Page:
Feel ‘n Peel Sheets: a Carousel of Textures
“Then the carousel started, and I watched her go round and round. . . All the kids tried to grasp for the gold ring…” J.D. Salinger
The other day, I met with one of my favorite early childhood specialist, Michelle. We discussed how one of our young, totally blind students was not responding any more to textures. When you asked to see the baby’s hands, she would withdraw and make a sad face.
“What can we do?” Michelle asked, “And why has she just begun to dislike textures?” I responded that the only thing that came to my mind was that she was becoming more aware of her surroundings and was noticing more sounds, textures and perhaps more vision- in other words, she was becoming overwhelmed.
I promise you, I received a gift from God today when I went into my cubicle to do an order. There in my chair sat a box labeled Feel ‘n Peel Sheets Carousel of Textures and I did not remember ordering it. Talk about perfect timing.
Ecstatic is an understatement for how I felt when I opened the box of translucent “rough” vinyl sheets, translucent “bump” vinyl sheets, corrugated sheets, craft foam sheets, foam glitter (my favorite), velour, vivelle with adhesive backs and a double –backed adhesive sheet all in various colors such as: red, blue, purple, dark green, light green, orange, yellow, pink, lilac, brown, and gray.
Imagine all the fun you can have and the educational activities you can do with this amazing product from the American Printing House for the Blind (APH).
Below, I have listed a few activities that can be enhanced by the carousel of textures, colors and fun. Be creative, have fun and watch your students enjoy adaptive materials that help level the ground of learning- and like the carousel, learning will be never-ending.
For early childhood- kindergarten:
- Use the felt side on the All-in-One-Board after placing the adhesive backed vivelle sheet on the back of different textures from the kit. I place my students hand on the different textures and verbalize “soft”, “scratchy”, “smooth”, “bumpy”, etc.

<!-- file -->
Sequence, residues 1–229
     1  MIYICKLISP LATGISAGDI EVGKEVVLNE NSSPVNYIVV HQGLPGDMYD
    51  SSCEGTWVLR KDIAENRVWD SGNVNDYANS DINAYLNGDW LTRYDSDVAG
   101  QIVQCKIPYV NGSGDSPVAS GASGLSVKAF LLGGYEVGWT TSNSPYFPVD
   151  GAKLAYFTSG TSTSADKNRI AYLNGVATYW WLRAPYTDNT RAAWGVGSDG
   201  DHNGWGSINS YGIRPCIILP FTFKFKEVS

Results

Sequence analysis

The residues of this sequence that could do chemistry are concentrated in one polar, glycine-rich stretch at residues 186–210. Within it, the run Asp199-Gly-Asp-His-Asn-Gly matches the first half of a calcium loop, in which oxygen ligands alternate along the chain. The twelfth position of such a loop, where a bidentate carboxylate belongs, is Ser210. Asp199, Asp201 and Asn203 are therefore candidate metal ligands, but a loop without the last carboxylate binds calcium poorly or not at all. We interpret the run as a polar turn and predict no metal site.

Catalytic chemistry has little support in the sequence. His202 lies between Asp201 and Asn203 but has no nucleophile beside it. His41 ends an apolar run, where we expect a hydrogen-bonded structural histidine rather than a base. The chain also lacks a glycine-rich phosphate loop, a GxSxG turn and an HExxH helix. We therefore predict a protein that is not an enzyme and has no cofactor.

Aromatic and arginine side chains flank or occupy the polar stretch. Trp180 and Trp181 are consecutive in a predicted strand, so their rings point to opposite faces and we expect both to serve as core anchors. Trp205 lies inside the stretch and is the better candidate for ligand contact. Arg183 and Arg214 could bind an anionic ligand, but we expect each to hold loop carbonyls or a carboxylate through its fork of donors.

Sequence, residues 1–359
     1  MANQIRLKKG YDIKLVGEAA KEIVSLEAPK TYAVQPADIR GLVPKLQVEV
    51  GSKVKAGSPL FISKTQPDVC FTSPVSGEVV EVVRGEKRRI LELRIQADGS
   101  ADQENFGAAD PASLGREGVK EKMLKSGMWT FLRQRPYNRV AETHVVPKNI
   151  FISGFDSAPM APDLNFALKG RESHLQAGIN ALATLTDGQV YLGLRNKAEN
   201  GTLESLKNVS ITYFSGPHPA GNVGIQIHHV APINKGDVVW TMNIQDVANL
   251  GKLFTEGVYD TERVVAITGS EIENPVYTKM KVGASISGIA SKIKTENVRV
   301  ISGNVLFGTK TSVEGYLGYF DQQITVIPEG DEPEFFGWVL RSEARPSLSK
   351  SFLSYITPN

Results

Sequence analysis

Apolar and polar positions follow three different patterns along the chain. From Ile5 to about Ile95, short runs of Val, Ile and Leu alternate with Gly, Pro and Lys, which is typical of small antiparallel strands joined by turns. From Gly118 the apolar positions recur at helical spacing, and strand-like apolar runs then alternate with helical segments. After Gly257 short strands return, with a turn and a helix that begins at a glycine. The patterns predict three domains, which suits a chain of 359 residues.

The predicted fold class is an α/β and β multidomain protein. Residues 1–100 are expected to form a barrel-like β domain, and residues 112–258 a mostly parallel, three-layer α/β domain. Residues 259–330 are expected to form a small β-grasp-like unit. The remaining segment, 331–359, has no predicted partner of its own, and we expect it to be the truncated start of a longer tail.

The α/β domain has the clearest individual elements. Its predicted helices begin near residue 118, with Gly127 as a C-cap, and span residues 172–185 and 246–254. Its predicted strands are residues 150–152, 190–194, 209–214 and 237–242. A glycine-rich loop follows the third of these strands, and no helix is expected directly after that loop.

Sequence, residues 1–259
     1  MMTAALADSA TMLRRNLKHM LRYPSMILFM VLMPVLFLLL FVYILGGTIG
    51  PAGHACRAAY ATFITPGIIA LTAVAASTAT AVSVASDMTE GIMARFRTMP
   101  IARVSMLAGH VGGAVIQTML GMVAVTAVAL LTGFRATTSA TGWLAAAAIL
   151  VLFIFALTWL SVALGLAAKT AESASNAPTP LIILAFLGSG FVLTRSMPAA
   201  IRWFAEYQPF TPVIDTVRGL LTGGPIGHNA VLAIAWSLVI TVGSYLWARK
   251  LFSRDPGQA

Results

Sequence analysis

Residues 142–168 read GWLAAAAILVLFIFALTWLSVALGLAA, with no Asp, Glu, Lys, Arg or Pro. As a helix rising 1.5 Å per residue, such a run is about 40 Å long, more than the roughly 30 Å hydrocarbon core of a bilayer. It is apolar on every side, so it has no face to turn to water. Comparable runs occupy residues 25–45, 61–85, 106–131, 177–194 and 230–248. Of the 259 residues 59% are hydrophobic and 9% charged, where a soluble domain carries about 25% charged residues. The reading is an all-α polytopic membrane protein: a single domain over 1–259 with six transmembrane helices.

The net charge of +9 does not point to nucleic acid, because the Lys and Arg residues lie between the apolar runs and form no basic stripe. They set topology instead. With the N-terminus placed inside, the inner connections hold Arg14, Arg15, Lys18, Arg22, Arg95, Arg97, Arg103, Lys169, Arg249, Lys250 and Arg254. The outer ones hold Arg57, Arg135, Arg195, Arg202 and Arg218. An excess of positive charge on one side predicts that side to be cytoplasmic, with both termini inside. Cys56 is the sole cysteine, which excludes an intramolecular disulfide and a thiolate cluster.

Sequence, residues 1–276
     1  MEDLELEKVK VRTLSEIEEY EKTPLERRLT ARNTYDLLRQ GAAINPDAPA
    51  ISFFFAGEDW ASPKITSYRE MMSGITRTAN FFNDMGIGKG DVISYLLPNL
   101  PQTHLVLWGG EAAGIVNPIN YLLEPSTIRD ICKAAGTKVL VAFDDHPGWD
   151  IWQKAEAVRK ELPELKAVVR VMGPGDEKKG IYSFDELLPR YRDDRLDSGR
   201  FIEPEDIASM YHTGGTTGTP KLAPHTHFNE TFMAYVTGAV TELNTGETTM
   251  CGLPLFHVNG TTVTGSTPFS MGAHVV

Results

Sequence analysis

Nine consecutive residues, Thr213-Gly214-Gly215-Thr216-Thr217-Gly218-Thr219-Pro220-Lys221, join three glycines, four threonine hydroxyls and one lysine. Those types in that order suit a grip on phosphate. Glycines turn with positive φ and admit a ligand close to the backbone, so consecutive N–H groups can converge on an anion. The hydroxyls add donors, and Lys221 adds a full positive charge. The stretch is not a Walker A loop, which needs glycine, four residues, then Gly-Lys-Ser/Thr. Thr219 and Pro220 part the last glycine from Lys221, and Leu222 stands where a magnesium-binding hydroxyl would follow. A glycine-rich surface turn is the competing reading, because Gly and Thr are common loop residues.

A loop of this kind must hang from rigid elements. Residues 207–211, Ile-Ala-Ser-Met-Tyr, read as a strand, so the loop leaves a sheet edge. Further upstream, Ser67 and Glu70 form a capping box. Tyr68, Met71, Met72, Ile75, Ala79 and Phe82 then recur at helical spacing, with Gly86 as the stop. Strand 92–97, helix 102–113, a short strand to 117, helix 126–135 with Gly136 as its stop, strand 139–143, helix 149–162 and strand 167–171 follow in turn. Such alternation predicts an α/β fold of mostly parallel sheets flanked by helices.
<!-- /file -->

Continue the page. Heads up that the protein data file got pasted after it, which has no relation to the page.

- When teaching colors to younger children, use their favorite foods such as: a banana smell to help to reinforce the color yellow. Have the toddler to touch the textured (bumpy) yellow sheet, smell a banana while you verbalize the color yellow and the word “bumpy”.
- Sing with the Color, Shape and Thematic CD’s from Frog Street Press. Cut the textures into shapes and spray them with scents that represent colors.
- Make a textured mat and allow the child to explore.
- Play “same” and “different”. Children will match like textures, smells and colors.
For elementary ages: grades 1-3:
- Use the Game Kit from APH (also one of my favorites) and place textures around the board. If a child lands on a bumpy texture he must go back to the start. If she or he lands on a smooth texture they may advance four spaces, etc.
- Make a bar graph using the different textures. See how many children in the class or the neighborhood like different types of jellybeans. To reinforce the bar graph, read the amazing book, Jellybean Jungle, also available through APH>.
- Play “Word Play/Texture Day” Dolch word cards available from APH are added to the back of different textures. Children will feel two bumpy cards and turn them over to view words on the other side. This game is similar to playing the Memory Game. If the cards have the same word on them, the student may keep the two cards, but if the words are different they must put them back where they were.
- Have students make a puzzle by cutting out shapes from a texture and putting it back together again.
- Read the book from APH’s catalog: Bumpy Rolls Away, Great for tracking practice and textures.
- Place the textures onto different objects and ask the child to sort according to the texture and or color. For example, put a scratchy texture on the outside of a coffee can. The student will feel various objects on the table in front of them and place all the scratchy objects into the can. Repeat for each type of texture.
- Cook with different types of textures from any recipe. Ask the student to identify each ingredient according to their texture and placing them beside the texture they match.
The world is full of textures, colors, smells and tastes that are there for our enjoyment, and as Dr. Virginia Bishop once said, “If you can’t bring the child to the world, bring the world to the child.”
The CarouselBy Karen Polensa
Come ride the carousel with me,
enjoy yourself, smile, giggle with glee.
Miniature brass band, music is playing,
up and down motion gently swaying.
Men made of brass dressed in clothing of yore,
play a minuet and waltz, but yearning for more.
Hold on to the pole and climb aboard,
ready for an adventure, take hold of the cord.
Carousel is beginning to circle around,
choose your seat before hitting the ground.
Sit on a rabbit and wave to the crowd,
feeling pretty good, perhaps even proud.